Hearing Aids


Hearing loss is a substantial problem, affecting more than 30 million Americans.

It affects more than 40 percent of Americans older than 60 years, more than 60 percent of those older than 70 years, and nearly 80 percent of people older than 80 years. Left untreated, hearing loss can negatively affect older people’s quality of life by preventing them from engaging with others, leading to social isolation and limiting ability to work. Hearing loss also has been associated with depression, dementia, cognitive decline, and poorer physical functioning, studies have also shown that even mild hearing loss is associated with a threefold increase in falls. Despite the prevalence of hearing loss, hearing aid use is relatively low (15 percent to 30 percent), primarily because of their high cost, which is not covered by Medicare. Cost is a major barrier to getting assessment and treatment for hearing loss in the form of hearing aids. The average price for a hearing aid is $2,400, and most people need two. The majority of people would have to pay the full cost of hearing aids out of pocket due to lack of insurance coverage. Some state Medicaid programs cover hearing aids; however, Medicare expressly excludes coverage for hearing assessments and hearing aids.

In 2016, The President’s Council of Advisors on Science and Technology and the National Academy of Medicine (formerly known as the Institute of Medicine) recommended policy changes that would help lower the cost and promote greater use of hearing aids. Some experts have suggested that the FDA establish a new classification for basic hearing aids and allow these devices to be sold over the counter at drug stores for the treatment of mild to moderate hearing loss—similar to what is allowed for reading glasses. These recommendations would not alter FDA regulation of more complex hearing aids.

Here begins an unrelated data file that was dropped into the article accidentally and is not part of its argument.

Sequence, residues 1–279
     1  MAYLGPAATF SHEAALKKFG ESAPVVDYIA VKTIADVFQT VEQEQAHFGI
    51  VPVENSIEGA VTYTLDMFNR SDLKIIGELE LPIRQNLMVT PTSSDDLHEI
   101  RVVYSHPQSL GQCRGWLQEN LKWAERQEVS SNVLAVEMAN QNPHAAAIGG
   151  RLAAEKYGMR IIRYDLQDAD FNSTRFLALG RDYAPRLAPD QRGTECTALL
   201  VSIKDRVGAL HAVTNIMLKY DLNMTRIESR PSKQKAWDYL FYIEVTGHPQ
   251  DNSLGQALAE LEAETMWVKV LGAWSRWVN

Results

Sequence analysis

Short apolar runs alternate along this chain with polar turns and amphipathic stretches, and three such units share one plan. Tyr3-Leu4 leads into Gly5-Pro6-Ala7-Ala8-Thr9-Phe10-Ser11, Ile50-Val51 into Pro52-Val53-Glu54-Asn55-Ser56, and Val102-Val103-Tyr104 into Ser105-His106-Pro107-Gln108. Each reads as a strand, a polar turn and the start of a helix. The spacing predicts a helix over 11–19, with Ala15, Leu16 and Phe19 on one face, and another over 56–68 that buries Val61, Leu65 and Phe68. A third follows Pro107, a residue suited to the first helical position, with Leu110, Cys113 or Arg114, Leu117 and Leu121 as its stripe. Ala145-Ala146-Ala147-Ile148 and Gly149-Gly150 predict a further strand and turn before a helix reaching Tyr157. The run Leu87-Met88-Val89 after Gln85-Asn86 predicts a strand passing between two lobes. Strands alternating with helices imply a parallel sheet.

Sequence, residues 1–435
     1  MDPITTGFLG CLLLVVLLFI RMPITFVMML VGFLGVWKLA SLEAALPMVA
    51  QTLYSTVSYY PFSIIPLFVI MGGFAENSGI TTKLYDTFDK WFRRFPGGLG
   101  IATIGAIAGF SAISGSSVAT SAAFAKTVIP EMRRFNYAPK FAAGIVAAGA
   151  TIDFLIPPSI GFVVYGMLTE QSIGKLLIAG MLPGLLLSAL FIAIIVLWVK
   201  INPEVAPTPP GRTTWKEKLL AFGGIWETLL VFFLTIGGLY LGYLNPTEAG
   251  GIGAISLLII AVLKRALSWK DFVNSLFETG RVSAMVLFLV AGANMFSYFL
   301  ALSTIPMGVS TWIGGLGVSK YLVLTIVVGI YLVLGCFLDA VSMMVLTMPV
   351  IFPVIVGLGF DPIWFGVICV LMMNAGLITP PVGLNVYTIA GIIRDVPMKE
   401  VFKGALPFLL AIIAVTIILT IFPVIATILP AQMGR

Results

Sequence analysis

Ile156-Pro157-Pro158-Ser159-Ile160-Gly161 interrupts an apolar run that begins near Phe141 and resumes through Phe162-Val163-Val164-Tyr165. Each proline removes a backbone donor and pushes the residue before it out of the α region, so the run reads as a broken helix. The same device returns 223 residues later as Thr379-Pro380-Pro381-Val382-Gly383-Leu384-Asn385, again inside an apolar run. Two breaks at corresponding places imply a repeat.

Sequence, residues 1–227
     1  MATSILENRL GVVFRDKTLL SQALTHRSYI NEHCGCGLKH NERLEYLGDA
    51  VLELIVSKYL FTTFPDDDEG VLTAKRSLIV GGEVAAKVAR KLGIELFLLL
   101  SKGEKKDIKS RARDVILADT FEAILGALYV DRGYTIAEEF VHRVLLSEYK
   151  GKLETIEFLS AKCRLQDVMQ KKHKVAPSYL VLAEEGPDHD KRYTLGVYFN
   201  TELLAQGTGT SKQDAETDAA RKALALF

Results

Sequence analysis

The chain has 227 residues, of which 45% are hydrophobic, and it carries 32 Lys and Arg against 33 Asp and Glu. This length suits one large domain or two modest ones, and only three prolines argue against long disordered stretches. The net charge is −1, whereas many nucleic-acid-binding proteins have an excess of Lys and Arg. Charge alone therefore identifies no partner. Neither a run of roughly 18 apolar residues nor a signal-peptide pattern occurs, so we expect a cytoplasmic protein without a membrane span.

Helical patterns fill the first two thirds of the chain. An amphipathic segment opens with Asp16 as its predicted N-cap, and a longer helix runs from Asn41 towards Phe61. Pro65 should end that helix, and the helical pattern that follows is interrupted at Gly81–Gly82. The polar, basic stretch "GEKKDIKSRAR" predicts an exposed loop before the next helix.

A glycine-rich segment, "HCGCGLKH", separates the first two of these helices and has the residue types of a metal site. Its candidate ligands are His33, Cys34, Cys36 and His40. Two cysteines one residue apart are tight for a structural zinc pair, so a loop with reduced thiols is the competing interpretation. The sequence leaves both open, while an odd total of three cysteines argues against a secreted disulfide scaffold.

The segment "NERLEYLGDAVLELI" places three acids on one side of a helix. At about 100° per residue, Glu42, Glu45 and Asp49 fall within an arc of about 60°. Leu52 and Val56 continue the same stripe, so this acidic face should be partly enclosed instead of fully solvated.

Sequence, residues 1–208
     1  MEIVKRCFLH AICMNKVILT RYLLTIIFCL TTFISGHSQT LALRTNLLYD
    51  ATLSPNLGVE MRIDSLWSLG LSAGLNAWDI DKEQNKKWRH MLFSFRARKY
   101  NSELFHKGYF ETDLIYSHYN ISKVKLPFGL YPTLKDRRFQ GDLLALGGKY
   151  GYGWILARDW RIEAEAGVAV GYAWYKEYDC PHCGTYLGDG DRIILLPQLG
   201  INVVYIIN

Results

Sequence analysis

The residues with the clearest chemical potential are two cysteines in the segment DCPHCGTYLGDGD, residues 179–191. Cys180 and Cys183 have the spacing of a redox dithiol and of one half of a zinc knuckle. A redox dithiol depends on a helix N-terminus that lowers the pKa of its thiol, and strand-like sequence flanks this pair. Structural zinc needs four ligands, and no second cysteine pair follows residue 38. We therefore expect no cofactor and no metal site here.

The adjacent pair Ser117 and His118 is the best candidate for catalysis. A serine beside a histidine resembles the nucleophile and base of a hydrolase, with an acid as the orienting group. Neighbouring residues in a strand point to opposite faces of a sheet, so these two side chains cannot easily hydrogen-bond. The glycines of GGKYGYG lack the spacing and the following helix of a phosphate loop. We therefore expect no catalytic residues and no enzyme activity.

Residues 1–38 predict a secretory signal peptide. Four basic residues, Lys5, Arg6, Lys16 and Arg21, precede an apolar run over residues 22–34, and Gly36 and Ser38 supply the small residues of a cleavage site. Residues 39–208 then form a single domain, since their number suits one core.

The FDA has also reduced restrictions on the sale of personal sound amplification devices, which are a type of generic hearing aid, that can be helpful in situations in which amplification and noise cancellation are all that is needed. These devices are generally available over-the-counter for a few hundred dollars.

As basic hearing aids come on the market as over-the-counter devices, their cost is expected to decline to a few hundred dollars. Competition for more complex hearing aids is also likely to intensify, and prices will decrease as the FDA reduces regulatory restrictions on these devices.

Lower hearing-aid costs will be good news for consumers, especially seniors with hearing loss. Increased competition and declining costs should encourage state policymakers to expand hearing-aid coverage and may also give federal policymakers greater leeway to consider adopting Medicare coverage for these devices which would be of great benefit to current and future beneficiaries.


Access to hearing assessments and hearing aids

In this policy: FederalState

Policymakers and regulators should make necessary changes to help lower the cost and promote greater adoption of hearing aids.

The Food and Drug Administration should allow over-the-counter sale of basic hearing aids and audiologists should offer more standardized prescriptions that patients can use to compare products.

Safety and efficacy

In this policy: Federal

The Food and Drug Administration should carefully review the safety and efficacy of new hearing aids before allowing them on the market.


Sales tactics

In this policy: FederalState

The Federal Trade Commission and state consumer protection agencies should investigate complaints of high-pressure sales tactics that inhibit older people from getting professional counseling before purchasing a hearing aid.

States should regulate hearing-aid dealers and sales practices, including direct response and mail-order solicitations; require that advertising mention bonding of sellers; and require adequate consumer protections.